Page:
BioAnders Parker is a modest man who lives in Brooklyn, NY and works as a musician. People who are into American songwriters know him as the frontman of Varnaline. That band enjoyed the support of so many enthusiastic reviews and high-profile fans (most recently Steve Earle, who released the last Varnaline record on his own boutique label E-Squared/Artemis) that it became a widely held consensus that they were underrated. Which was impossible, though not the fault of the listening public, who actually really do have a bit of an ear, sort of.
Parker grew up on an old farm in New York’s Hudson Valley, amid apple orchards, strip malls, and liberal arts colleges, listening to The Beatles, Bob Dylan and ABBA. Later, his interest flowed to R.E.M., The Replacements, Husker Du, The Smiths, etc... "Anyone who can write a song," as he once put it, had a fan in Anders Parker.
During his twenties, he moved to Portland, OR, bought a four-track and entered the lofty ranks of real-deal troubadours. 1996’s Man of Sin (an Anders Parker solo album released under the name Varnaline) introduced Parker’s knack for new chord structures that feel lived in, and lyrics that delicately illustrate our world’s myriad variations on the sadly beautiful and beautifully sad.
The next year Varnaline became a band, as Anders’ brother John Parker got on board as bassist. Drummer Jud Ehrbar, an old friend of both Parkers, joined on the condition that Anders help out with Ehrbar’s other band, Space Needle. 1997 saw the release of Varnaline's self-titled sophomore effort, the acclaimed second Space Needle album The Moray Eels Eat the Space Needle and the acoustic Varnaline EP A Shot and a Beer. The new trio came off surprisingly low-slung and heavy. They made Parker’s sturdy songs so rugged you could leave them in your pocket for a few days, run them through the laundry and in the morning they’d work just the same. Varnaline was compared to Crazy Horse and the Minutemen. They toured with Metallica that summer.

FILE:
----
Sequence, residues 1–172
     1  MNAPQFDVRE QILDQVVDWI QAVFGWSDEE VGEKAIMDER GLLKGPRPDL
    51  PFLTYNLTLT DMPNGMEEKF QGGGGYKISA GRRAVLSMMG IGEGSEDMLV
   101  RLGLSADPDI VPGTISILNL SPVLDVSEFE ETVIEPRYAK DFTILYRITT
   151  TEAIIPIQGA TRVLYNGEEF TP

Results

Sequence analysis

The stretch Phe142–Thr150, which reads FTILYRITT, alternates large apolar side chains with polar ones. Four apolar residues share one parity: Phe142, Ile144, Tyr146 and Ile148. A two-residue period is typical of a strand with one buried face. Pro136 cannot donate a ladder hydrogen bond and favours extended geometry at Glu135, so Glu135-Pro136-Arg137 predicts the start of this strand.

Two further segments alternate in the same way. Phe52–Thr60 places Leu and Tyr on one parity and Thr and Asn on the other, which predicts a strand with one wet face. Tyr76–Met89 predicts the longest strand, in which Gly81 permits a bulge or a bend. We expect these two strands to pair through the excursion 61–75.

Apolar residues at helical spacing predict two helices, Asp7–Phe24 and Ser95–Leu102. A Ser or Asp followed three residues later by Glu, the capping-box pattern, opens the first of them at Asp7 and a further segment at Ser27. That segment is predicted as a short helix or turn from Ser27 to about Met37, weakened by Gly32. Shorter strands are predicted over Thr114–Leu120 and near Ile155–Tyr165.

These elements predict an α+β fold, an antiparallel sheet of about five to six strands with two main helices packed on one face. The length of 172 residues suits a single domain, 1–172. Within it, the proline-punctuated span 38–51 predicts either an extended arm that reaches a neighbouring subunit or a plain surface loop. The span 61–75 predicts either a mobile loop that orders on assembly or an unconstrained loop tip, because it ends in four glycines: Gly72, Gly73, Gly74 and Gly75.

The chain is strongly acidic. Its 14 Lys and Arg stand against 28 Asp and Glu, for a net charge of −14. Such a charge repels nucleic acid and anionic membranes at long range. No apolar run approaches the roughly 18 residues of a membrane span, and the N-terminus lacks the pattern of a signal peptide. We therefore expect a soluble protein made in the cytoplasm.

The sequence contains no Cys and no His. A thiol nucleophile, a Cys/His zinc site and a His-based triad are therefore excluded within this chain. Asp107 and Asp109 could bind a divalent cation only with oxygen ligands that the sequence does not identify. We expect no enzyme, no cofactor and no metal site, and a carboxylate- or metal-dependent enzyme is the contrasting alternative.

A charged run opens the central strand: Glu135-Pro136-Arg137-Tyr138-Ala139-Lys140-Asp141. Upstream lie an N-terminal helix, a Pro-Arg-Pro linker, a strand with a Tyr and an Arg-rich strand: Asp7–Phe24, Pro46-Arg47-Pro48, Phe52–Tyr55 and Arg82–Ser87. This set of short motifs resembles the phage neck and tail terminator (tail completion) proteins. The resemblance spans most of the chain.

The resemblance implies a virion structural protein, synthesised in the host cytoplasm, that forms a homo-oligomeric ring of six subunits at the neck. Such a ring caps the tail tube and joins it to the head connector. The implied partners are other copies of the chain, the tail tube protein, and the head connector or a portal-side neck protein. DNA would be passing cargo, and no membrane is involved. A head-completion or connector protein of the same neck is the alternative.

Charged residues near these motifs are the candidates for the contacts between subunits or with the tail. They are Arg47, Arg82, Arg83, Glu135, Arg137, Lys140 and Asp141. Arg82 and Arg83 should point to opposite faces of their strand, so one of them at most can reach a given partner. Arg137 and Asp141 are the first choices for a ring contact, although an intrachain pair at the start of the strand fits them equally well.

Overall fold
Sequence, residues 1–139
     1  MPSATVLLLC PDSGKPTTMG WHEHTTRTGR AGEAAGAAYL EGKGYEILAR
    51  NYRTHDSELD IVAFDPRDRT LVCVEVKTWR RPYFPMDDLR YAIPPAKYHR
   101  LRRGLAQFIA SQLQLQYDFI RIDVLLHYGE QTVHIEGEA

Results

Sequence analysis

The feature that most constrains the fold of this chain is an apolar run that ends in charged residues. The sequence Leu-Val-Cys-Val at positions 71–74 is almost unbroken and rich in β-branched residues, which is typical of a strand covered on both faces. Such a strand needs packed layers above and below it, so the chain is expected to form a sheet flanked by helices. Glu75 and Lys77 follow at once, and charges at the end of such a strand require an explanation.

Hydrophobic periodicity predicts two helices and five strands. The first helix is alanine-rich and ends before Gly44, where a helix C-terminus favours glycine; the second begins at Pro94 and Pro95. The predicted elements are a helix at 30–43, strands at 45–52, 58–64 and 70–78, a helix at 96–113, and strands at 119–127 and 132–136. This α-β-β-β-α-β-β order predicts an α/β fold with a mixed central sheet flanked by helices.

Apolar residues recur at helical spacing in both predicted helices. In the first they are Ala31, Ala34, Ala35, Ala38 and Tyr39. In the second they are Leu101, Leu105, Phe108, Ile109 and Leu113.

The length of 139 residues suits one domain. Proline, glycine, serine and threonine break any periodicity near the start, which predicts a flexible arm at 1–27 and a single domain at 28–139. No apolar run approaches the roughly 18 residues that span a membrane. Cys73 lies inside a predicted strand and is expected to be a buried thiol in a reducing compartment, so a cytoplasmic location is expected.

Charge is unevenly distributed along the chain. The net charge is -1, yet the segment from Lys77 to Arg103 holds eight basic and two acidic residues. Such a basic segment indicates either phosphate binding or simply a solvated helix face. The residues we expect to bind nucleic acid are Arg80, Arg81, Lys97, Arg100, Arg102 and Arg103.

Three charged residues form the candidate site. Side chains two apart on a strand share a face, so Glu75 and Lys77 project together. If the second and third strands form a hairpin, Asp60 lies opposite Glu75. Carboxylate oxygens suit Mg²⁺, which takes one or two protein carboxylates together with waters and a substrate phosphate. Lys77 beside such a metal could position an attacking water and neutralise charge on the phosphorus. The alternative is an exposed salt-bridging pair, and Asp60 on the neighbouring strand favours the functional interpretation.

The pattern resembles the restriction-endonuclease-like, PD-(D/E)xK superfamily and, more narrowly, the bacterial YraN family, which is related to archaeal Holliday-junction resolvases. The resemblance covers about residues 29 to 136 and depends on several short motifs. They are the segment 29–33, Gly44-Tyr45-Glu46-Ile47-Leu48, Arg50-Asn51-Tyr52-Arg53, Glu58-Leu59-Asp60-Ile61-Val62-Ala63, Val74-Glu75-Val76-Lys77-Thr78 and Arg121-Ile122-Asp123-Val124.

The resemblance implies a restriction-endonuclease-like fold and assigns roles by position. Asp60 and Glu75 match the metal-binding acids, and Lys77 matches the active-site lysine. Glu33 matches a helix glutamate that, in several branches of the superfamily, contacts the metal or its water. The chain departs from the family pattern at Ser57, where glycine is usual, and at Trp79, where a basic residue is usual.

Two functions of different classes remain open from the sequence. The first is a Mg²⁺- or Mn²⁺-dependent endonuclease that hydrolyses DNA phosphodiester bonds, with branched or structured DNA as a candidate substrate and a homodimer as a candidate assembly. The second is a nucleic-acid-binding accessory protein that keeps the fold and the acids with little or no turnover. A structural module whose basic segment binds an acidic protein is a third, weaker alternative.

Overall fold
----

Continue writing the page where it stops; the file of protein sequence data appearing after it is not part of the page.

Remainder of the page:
And they earned a following in the alt-country scene. This was probably due more to Varnaline's old-fashioned musical values (e.g., songs that work) than their sideburns. By 1998’s Sweet Life, the band was proving impossible to categorize, except by saying, as many did, Damn this Anders Parker guy can write a song. Sweet Life captured Varnaline's brilliance the way glimmering ice can capture a tree. Production became as much a part of Parker’s vision as his words and melodies. The characters he sang through started conveying poignancy beyond their own comprehension.
Around the turn of the century, the label that released the first three Varnaline albums folded, and the band’s rhythm section executed a graceful bow to the pull of career and family. Anders, now relocated in North Carolina, signed to E-Squared/Artemis Records, but, unlike his labelmate Kurupt, continued to work with his former crewmates. Nonetheless, 2001’s Songs In a Northern Key was pretty much an Anders Parker solo record released as a Varnaline record. Sprawling and varied, somber and gorgeous, it earned a crop of praise for all that and, of course, its songwriting.